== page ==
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Coffee Value Chain: a blend of upgrading - Duke viu workshop2009
Coffee Value Chain: a blend of upgrading - Duke viu workshop2009
Coffee Value Chain: a blend of upgrading - Duke viu workshop2009
Coffee Value Chain: a blend of upgrading - Duke viu workshop2009
Coffee Value Chain: a blend of upgrading - Duke viu workshop2009
Coffee Value Chain: a blend of upgrading - Duke viu workshop2009
Coffee Value Chain: a blend of upgrading - Duke viu workshop2009
Coffee Value Chain: a blend of upgrading - Duke viu workshop2009
Coffee Value Chain: a blend of upgrading - Duke viu workshop2009
Coffee Value Chain: a blend of upgrading - Duke viu workshop2009
Coffee Value Chain: a blend of upgrading - Duke viu workshop2009
Coffee Value Chain: a blend of upgrading - Duke viu workshop2009
Coffee Value Chain: a blend of upgrading - Duke viu workshop2009
Coffee Value Chain: a blend of upgrading - Duke viu workshop2009
Coffee Value Chain: a blend of upgrading - Duke viu workshop2009
Coffee Value Chain: a blend of upgrading - Duke viu workshop2009
Coffee Value Chain: a blend of upgrading - Duke viu workshop2009
Coffee Value Chain: a blend of upgrading - Duke viu workshop2009
Coffee Value Chain: a blend of upgrading - Duke viu workshop2009
Coffee Value Chain: a blend of upgrading - Duke viu workshop2009
Coffee Value Chain: a blend of upgrading - Duke viu workshop2009
Coffee Value Chain: a blend of upgrading - Duke viu workshop2009
Coffee Value Chain: a blend of upgrading - Duke viu workshop2009
Coffee Value Chain: a blend of upgrading - Duke viu workshop2009
Coffee Value Chain: a blend of upgrading - Duke viu workshop2009
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Coffee Value Chain: a blend of upgrading - Duke viu workshop2009

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  • 1. Coffee Value Chain: a blend ofupgrading
  • 2. Outline• Basic facts about coffee• Coffee GVC• Who’s capturing the gain?• Economic, environmental, social upgrading: what does it mean for coffee VC and local development?• Deliverables (presentation, word file, working files)
  • 3. Basic Facts About Coffee• Until 1990, the world trade of coffee was subject to a quota system controled by ICO;• After the quota system was abolished, the prices have been going up and down reflecting supply and demand trends;• Being a primary commodity, coffee prices are inherently unstable. One source of price instability is the vulnerability of coffee plants to unfavorable weather conditions and climate changes;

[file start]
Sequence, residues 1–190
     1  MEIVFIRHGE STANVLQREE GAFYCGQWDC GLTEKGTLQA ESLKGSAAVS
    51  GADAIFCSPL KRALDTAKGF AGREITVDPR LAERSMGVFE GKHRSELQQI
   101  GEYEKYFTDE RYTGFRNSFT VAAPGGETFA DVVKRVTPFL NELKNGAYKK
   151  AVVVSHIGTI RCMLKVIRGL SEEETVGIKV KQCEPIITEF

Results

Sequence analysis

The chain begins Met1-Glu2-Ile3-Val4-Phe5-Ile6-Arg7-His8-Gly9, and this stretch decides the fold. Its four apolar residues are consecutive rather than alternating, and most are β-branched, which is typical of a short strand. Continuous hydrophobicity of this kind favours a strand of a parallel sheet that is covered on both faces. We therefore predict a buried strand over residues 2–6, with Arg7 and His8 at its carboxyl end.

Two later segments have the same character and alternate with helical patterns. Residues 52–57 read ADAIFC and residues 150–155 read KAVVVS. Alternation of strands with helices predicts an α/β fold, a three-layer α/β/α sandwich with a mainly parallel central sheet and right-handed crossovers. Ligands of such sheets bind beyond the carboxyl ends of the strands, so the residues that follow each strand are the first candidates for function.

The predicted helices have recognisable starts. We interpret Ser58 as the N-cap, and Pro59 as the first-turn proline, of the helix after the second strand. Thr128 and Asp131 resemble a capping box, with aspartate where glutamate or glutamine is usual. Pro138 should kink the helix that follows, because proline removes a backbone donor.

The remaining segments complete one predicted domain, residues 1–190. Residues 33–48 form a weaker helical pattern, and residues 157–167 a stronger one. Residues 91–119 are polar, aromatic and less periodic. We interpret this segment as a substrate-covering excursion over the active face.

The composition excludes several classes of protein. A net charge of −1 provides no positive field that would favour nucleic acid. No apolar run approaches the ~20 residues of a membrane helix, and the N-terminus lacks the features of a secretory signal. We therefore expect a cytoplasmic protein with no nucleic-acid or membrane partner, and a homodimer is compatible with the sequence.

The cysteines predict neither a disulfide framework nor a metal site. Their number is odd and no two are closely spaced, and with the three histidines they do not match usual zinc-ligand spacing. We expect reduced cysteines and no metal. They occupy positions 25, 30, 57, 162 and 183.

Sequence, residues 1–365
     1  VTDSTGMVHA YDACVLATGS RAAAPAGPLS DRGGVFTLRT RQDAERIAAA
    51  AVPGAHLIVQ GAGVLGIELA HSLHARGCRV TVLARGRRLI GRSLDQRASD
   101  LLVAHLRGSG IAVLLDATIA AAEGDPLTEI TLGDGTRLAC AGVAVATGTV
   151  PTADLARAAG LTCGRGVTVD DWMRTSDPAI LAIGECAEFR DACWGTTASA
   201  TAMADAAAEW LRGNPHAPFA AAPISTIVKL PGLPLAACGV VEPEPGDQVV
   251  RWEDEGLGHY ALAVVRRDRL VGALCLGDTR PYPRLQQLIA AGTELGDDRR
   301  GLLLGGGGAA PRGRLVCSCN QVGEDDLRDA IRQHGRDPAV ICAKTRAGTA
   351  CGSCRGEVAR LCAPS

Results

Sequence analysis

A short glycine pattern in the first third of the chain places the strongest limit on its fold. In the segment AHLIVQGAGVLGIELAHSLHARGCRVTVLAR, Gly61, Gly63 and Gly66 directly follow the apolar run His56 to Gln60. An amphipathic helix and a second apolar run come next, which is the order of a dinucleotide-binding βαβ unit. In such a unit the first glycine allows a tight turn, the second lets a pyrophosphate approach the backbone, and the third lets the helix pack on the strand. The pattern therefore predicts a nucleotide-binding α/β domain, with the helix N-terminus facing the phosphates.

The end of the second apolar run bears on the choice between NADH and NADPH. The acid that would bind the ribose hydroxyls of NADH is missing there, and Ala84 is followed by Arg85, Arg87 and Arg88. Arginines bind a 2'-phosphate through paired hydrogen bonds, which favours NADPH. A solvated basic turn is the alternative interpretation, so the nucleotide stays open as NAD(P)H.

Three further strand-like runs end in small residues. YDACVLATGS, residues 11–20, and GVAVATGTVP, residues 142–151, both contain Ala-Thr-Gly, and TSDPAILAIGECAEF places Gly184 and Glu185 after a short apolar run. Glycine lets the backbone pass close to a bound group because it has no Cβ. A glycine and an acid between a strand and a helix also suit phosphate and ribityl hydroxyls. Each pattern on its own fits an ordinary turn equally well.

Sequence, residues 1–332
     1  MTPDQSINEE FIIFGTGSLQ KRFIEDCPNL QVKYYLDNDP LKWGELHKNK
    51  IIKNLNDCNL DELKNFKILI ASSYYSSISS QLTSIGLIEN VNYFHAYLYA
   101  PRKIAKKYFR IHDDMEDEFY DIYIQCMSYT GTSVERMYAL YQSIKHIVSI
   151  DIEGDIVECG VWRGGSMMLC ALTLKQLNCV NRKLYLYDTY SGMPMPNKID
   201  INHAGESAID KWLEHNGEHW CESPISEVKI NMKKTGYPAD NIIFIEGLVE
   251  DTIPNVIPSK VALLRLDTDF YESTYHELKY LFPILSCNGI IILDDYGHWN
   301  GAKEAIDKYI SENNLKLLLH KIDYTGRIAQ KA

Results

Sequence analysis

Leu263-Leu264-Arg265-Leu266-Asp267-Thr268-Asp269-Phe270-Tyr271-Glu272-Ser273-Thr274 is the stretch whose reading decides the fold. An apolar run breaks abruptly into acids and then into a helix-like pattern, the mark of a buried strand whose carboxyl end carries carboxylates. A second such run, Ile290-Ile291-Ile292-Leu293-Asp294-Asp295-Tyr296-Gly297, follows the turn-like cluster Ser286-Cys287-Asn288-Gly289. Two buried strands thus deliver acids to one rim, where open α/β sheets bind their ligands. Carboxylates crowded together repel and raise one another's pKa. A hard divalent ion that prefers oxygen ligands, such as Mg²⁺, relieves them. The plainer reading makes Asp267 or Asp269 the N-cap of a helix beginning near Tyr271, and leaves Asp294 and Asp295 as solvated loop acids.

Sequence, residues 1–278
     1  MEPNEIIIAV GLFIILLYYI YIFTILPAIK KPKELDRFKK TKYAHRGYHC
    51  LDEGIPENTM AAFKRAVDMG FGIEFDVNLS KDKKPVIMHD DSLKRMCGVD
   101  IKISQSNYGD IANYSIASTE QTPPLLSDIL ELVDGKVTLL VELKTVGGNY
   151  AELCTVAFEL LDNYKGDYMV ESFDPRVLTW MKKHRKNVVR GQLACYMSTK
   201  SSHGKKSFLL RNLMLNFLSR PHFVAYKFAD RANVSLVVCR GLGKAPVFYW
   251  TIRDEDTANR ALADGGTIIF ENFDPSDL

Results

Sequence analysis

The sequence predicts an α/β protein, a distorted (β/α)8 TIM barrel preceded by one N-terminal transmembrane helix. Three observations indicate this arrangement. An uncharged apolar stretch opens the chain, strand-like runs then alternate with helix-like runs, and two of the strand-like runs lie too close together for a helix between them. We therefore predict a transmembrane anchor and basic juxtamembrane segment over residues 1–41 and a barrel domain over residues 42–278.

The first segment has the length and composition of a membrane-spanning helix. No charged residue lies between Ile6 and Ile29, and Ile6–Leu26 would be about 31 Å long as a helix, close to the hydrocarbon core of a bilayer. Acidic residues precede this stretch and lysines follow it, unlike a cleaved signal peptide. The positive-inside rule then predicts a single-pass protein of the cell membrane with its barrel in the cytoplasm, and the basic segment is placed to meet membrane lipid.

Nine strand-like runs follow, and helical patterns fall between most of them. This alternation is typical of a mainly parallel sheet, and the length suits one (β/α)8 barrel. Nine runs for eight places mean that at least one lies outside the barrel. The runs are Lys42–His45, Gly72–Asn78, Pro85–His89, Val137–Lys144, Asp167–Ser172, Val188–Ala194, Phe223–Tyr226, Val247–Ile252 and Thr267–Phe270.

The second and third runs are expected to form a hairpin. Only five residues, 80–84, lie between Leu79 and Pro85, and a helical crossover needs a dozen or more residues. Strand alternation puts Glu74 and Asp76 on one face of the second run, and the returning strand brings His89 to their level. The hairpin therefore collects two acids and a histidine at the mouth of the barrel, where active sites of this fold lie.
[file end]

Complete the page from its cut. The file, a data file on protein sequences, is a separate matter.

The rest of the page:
• 4. Basic Facts About Coffee (2)• Despite falling prices in the 1990s, the world production and exports of coffee increased;• Vietan emerged as a big exporter in the 1990s, when the country planted over a million acres between 1990 and 2000 of coffee and flooded the market with cheap Robusta beans;
  • 5. Price Trend – 1980-2009Source: International Coffee Organization
  • 6. Coffee World Exports 1980 1985 1990 2000 2007Brazil 15.626.545 19.156.605 16.971.237 18.016.261 28.116.006Costa Rica 1.182.521 2.040.422 2.265.644 1.964.980 1.363.850Ethiopia 1.257.739 1.133.277 1.074.101 1.981.856 2.604.008Uganda 1.823.592 2.537.582 2.352.680 2.513.272 2.693.187Vietnam - 156.667 1.145.234 11.618.376 17.936.219Germany 1.234.021 2.133.116 3.291.689 4.824.659,00 10.696.972TOTAL 60.247.690 71.360.000 80.561.589 89.562.101 96.367.286 Source: International Coffee Organization
  • 7. Coffee: the main actors• Brazil, Vietnam, Colombia and Germany are the main exporters;• More than 50 developing countries are highly dependent on coffee exports; 25 of them are in Africa• The two most important producers and exporters of coffee in Africa are Ethiopia and Uganda.
  • 8. Two Different Export Models African Model Germany Model• Production occurs in • no production: smallholder farmers; Germany re-exports• Involve millions of processed coffee at cheap laborers; prices up to five times more than what it pays• Exports of non- for the product; processed coffee; • Exports are controlled• Exports depends on the by domestic brands; middle men and global buyers; • Belgium, Italy and USA follows the Germany model.
  • 9. Coffee Global Value Chain Input – Output Stages Growing/ Inputs Mediators Roasters Retail Processing Seed Harvesting Facilitate trade Roasting Supermarket Land Processing (i.e., wet method, Grinding Food Service dry method)Irrigation Parchment Coffee Blending Mass Retail Fertilizer (seed coat removed) Coffeeshops Labor BrewingMachinery
  • 10. Coffee Global Value Chain Actors Drivers Growing/ Inputs Mediators Roasters Retail ProcessingSmall and Medium Producers International Branded Trader Manufacturers i.e., Nestle, Sara Lee Estates/Plantations Branded Blends Marketing Board (i.e., Starbucks) Cooperatives Independent Roasters Exporters